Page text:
|Want to practice your SE Asia geography?|
Before deciding to travel to SE Asia I didn’t know much about any of the countries I have now visited. I was drawn to SE Asia because it was supposed to be a safe place for traveling solo, it was an inexpensive place to travel long term and it was so unknown to me. I had heard about Thailand only in more recent years from friends who vacationed there and because Andrew Zimmerman started doing segments about Thai food. Laos, I had heard of during my childhood thanks to a Laotian friend of a family friend, but I couldn’t honestly tell you anything about the country. Thanks to People magazine, that along with Newsweek were my two major childhood news sources, all I knew about Cambodia was that in the 1990’s Princess Diana visited, met with land mine victims and promoted humanitarian programs working to clear mine fields. In an attempt to shatter my naivety, before visiting SE Asia I started to read memoirs about life in Thailand, Cambodia and Vietnam to try and help me understand some of the recent history in these countries.
The first book I read about Thailand, which I picked up at The Best Little Bookstore in Winters, was about the sex industry in Thailand. It tells the story of a woman who was forced into prostitution as a teenager, became pregnant, and had her daughter stolen from her. She spent the next 15 plus years searching for her daughter while becoming a successful singer. I cannot remember the title though the book is likely still circulating around Winters. After a couple months in Thailand I realized a movie I had watched as a teenager, Anna and the King, was about Siam’s King Rama IV. There is another book that I’ll have to read when I am back in the states because it is banned in Thailand.
July 2015- I just finished the Railway Man about the building of the Death Railway in Thailand. Until recently I had not idea that World War II has such an impact on so many countries outside of Europe because in school we always focused on the German invasions across Europe.
I read several books before traveling to Cambodia. Last spring I read The Road of Lost Innocence by Somaly Mam, which looks like it may not be a true story, about the Cambodian sex industry. When I visited Luang Prabang I found Emergency Sex: and other desperate measures, a book about UN work in Cambodia, Rwanda and Bosnia in the 1990’s, at a book exchange. While in Chiang Mai I read First they killed my father: A daughter of Cambodia remembers by Luong Ung about her childhood spent in the Khmer Rouge work camps and two more of her books about living in the United States after escaping Cambodia. I also read two other books by Ung, Lucky Child: A Daughter of Cambodia Reunites with the Sister She Left Behind and Lulu in the Sky: A Daughter of Cambodia Finds Love, Healing, and Double Happiness. While in Kampot I watched The Killing Fields about an American journalist and his Cambodian assistant during the Vietnam War and the Khmer Rouge regime.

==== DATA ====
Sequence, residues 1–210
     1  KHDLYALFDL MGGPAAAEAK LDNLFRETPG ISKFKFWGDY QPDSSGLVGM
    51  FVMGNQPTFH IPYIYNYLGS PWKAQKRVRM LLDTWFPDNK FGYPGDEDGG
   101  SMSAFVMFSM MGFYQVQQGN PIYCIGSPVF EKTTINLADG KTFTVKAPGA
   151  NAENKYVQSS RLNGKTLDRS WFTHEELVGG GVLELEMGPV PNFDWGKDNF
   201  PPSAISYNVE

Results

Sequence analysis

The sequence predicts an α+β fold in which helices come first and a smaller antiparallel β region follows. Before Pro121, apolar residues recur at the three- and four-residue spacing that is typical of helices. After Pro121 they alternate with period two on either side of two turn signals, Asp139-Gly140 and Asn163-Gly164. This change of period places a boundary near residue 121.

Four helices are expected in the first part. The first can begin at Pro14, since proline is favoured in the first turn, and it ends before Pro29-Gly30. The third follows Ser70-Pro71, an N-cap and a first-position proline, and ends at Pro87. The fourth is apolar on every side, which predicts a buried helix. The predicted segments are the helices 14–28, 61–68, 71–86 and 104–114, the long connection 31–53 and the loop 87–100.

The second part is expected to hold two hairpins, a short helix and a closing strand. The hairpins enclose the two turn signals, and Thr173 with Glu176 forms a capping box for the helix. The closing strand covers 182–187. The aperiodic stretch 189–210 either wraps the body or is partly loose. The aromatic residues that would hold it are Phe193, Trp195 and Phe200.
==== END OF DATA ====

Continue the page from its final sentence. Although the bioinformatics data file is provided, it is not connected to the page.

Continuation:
May 2015- Most recently I read When Broken Glass Floats by Chanrithy Him which is her memories of a childhood spent starving in labor camps during the Khmer Rouge regime.
For Vietnam I read The Girl in the Picture by Denise Chong about Kim Phuc who was badly burned by napalm during the Vietnam War and is the main subject of one of the most recognizable photographs of the last century.
I read The spirit catches you and you fall down, about a young Hmong girl with epilepsy caught between the worlds of eastern and western medicine, years ago when I was in either high school or college. Only after looking into this book again did I realize that the family immigrated to California from Laos.
We are hoping to visit Burma this summer. I haven’t picked a book yet though I know I want to learn more about Aung San Suu Kyi.